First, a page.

In the present study, Box-Behnken factorial design including 17 runs, 3 factors and 3 levels had been applied to explore the interaction of miR-27b-3p and miR-607 in regulating BLM gene. The relative Luc/Rluc activities were detected at 24 h after miRNA and PGL-UTR-WT vector co-transfection into PC3 and were used to calculate the interaction effects between miRNAs using Design-Expert 8.0 software (Stat-Ease, Inc., Minneapolis, MN, USA). Designed doses of miRNAs and designed methods were displayed in tables and each factor was coded by three levels: Low (−1; 0 µmol/l), medium (0; 5 µmol/l) and high (+1; 10 µmol/l; Tables V and VI).

Table V.

Coded and real values of variables in the Box-Behnken design.

Table V.

Coded and real values of variables in the Box-Behnken design.

Level (µmol/l)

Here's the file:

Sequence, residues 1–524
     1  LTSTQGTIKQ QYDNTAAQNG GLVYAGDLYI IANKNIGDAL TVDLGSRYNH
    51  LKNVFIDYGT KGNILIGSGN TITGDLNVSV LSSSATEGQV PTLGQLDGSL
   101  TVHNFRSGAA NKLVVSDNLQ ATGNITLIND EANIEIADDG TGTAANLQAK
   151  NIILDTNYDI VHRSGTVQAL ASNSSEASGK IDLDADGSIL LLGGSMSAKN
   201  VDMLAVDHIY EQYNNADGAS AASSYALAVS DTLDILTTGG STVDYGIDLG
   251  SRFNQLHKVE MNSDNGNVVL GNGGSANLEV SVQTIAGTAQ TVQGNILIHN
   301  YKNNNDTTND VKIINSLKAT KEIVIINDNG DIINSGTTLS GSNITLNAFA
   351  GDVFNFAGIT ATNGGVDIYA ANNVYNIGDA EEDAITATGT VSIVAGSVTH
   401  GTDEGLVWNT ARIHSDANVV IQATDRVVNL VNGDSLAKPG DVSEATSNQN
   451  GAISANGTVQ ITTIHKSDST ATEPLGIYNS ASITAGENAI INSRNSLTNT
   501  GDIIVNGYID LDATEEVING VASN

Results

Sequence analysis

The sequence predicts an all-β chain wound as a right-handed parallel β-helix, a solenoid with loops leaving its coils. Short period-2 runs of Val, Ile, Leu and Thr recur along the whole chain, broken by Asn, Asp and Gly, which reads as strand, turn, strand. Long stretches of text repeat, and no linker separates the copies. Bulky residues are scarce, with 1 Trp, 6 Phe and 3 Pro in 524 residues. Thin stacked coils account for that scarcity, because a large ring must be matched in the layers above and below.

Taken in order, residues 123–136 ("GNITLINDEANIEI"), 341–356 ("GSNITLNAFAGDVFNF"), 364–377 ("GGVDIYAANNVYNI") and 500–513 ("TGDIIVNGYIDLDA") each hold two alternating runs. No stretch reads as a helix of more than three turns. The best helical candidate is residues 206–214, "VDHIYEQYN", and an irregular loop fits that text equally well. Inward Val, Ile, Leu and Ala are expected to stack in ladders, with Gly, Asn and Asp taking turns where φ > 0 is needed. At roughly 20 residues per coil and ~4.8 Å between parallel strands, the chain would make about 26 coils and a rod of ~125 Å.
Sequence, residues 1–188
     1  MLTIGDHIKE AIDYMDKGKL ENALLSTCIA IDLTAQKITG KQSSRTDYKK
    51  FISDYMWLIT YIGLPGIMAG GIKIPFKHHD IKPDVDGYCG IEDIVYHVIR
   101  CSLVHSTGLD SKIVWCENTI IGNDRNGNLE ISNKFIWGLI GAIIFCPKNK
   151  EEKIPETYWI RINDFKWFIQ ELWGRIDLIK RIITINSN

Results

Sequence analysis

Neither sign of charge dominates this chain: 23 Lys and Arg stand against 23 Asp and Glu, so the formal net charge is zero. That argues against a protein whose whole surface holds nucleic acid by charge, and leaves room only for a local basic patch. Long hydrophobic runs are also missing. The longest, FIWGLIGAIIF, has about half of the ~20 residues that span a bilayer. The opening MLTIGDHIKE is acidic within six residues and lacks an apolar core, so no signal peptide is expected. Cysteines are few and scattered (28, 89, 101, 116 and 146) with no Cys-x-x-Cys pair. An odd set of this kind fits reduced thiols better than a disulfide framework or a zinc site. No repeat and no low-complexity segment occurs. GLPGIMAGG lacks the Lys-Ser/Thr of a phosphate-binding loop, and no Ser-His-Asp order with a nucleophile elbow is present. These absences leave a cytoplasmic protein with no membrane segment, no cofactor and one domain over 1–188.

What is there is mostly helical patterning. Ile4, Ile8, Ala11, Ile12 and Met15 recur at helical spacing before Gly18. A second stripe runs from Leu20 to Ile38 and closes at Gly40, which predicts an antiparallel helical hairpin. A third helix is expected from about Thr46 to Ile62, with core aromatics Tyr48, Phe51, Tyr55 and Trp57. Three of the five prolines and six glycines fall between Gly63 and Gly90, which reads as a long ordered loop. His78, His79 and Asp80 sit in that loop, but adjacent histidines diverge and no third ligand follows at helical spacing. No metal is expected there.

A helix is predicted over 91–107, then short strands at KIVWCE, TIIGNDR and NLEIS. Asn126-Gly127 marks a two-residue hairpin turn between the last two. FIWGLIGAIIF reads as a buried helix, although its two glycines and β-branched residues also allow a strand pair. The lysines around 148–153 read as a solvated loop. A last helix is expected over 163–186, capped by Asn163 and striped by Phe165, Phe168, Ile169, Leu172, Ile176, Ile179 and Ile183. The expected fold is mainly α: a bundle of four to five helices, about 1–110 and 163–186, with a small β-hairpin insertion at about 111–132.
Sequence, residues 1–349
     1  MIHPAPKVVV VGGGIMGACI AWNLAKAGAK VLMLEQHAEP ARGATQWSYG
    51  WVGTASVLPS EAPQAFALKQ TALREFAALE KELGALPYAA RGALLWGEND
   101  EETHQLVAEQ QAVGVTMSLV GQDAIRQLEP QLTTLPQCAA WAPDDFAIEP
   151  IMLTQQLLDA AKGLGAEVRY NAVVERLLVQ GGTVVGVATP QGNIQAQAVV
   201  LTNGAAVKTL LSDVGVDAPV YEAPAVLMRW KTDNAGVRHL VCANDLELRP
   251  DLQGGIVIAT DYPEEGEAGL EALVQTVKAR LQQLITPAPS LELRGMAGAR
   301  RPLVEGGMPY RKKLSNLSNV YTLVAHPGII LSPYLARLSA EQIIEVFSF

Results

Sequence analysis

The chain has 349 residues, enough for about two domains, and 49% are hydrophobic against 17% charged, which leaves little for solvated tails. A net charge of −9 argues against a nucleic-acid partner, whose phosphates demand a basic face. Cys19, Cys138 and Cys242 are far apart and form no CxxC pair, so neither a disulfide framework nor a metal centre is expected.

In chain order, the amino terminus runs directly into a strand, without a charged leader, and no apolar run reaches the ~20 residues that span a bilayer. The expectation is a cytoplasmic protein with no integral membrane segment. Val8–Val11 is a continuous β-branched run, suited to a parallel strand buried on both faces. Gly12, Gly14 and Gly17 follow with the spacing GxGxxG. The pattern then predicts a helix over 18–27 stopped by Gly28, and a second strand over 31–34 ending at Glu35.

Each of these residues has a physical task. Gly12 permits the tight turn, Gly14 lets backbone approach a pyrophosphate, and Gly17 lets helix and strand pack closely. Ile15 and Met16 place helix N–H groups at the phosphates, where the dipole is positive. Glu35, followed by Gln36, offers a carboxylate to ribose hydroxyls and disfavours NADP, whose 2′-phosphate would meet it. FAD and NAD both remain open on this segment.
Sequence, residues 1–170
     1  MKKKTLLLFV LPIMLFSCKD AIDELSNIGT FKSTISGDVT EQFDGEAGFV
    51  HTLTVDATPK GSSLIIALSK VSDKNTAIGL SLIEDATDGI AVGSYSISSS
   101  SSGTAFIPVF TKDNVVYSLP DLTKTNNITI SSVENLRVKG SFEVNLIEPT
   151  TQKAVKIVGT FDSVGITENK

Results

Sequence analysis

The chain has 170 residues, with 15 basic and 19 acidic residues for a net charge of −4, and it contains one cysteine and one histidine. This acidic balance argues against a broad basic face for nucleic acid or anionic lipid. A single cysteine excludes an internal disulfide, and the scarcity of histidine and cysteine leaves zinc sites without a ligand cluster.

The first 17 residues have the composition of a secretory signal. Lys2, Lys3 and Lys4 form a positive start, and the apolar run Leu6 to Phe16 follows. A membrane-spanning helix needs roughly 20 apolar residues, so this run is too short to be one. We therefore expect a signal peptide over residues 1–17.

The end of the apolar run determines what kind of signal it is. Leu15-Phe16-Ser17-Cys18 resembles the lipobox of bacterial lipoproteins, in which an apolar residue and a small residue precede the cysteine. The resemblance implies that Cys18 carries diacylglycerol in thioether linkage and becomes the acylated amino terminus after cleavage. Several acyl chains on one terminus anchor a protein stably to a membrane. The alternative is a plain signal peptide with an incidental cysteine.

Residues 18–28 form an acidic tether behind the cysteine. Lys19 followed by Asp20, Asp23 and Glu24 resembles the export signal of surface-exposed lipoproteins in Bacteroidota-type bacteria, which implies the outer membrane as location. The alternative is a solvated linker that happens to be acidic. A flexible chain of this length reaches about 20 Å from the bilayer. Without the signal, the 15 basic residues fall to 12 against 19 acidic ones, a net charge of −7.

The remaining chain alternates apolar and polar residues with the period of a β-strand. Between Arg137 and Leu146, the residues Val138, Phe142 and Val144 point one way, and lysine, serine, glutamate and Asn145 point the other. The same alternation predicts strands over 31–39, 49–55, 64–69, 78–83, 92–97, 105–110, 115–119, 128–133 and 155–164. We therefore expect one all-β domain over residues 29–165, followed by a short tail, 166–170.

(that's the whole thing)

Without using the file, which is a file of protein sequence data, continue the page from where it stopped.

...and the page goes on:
SymbolVariable−10+1
AmiR-6070510
BmiR-27b-3p0510
CmiR-338-3p0510

Table VI.

Box-Behnken design with code values.

Table VI.

Box-Behnken design with code values.

Experiment numberA, miR-607B, miR-27b-3pC, miR-338-3p
1−1−10
21−10
3−110
4110
5−10−1
610−1
7−101
8101
90−1−1
1001−1
110−11
12011
13000
14000
15000
16000
17000
Cell proliferation and colony formation assays

Cell proliferation was measured using the MTT method. Cells were seeded (10,000 cells/well), transfected with 2.5 µmol/l miRNA mimic in 12-well plates and incubated for various times. MTT incubation for 4 h, DMSO added to dissolve formazan, medium was removed and sample absorbency was detected at 490 nm. The growth curves over 3 days were calculated using the mean values of four wells. In the colony formation assay, PC3 cells transfected with miRNA were seeded at 5,000 cells/well in 12-well-plates and cell colonies in each well were counted following Giemsa staining after 5 days. Methanol (100%) was used to fix cells for 10 min at room temperature before Giemsa staining (1 mg/ml) for 10 min at room temperature. The numbers of colonies were counted using Gel-Pro32 software (version 4.0; Media Cybernetics, Inc., Rockville, MD, USA).

Cell invasion and migration assays